“Talk to your computer,” I was told the other day but, as my computer has no ears, I’m writing instead.

As the feast of Christmas approaches I reckon there are some rather mixed feelings around. We’re supposed to be happy saints in “joyful expectation of the Feast of the Nativity” and yet I read that so many people get depressed this time of year. For some it is SAD during the short days and early darkness, for others the jolly atmosphere of Xmas simply brings into sharper focus the sadness or worry they are currently carrying around with them.

You might think that if we were better Christians we would never get depressed and always be certain that not only God is good but that he definitely exists. You might even go so far as to think that a depressed, confused or doubting Christian is a bad one.

No so! Recently the Church commemorated St John of the Cross who’s most famous phrase is probably “The long dark night of the soul” (so Douglas Adams’ Dirk Gently is not the first to use that kind of phrase). St John was a Spanish mystic of the 16th century and his spiritual insight was that our journey of faith includes times when there is no felt experience of God. The reason being that we are called to believe and trust God – not in the experiences of him and ideas about him we may have, no matter how noble they may seem. Uncertainty is unsettling though.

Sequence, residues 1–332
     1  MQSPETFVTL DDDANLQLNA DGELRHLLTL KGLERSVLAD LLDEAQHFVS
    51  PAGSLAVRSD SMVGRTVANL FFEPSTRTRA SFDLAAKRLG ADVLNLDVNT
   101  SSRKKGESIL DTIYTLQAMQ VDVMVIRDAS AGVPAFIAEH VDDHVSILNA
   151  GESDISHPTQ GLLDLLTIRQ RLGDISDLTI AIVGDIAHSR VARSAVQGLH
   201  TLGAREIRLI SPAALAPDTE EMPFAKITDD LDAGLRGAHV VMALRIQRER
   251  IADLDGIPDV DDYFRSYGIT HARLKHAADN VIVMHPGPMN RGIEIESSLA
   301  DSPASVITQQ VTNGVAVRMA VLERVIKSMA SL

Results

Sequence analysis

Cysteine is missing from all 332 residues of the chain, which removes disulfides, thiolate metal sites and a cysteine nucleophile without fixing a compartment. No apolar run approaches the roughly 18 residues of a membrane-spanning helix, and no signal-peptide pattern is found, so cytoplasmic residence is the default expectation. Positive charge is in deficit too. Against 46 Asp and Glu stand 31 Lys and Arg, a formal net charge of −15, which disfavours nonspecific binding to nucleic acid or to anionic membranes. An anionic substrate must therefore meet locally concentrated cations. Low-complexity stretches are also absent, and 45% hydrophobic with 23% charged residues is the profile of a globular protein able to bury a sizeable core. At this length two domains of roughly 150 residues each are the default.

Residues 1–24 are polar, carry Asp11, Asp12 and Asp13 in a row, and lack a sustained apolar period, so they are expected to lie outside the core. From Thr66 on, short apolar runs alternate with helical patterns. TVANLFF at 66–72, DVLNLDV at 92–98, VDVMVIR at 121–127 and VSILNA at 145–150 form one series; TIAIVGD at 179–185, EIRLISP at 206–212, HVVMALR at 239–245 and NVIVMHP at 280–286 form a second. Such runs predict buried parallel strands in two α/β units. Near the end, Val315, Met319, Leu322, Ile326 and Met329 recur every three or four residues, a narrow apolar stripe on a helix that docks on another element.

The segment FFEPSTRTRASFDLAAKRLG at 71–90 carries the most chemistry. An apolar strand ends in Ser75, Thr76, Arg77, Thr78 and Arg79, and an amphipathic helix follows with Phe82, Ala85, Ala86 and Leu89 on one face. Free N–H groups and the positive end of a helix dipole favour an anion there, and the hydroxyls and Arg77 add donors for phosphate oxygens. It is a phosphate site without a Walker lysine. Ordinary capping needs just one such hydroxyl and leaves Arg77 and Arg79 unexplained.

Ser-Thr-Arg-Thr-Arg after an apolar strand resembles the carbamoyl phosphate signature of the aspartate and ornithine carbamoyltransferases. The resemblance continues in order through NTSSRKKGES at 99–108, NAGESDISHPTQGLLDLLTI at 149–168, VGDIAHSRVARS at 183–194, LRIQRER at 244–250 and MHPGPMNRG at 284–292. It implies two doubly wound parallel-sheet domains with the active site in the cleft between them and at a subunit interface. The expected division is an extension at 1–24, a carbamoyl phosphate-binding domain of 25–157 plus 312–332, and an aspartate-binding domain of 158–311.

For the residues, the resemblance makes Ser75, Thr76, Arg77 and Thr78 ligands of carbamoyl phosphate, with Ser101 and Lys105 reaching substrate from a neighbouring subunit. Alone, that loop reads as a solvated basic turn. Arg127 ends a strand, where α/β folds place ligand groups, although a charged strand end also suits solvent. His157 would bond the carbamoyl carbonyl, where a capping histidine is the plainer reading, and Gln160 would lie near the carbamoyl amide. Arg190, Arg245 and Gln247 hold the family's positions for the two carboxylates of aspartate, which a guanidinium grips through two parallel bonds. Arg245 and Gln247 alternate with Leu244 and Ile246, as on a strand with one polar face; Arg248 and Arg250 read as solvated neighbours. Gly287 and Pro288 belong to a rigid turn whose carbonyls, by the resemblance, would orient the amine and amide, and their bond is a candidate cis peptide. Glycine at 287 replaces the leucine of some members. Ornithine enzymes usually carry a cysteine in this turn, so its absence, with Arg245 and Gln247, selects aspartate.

An earlier mystic, an Englishman this time, Richard Rolle talks about the cloud of unknowing: those occasions when we simply have no idea what we mean by God. “I haven’t the foggiest idea about God” just about sums it up.

Doubt, confusion, and even depression are part of the human lot and many saints have experienced them. However, the sadness we may be feeling does not have to have the last word in our life: the message of Christmas is, after all, about the light of heaven touching down on earth into ordinary as well as into privileged lives. But the experience of the saints means that being depressed does not make you a bad person.

And finally, while some nights do seem very long, none of them are endless.

[You might also like to look at this link for an orthodox perspective: look up December 15 2010 in the archive]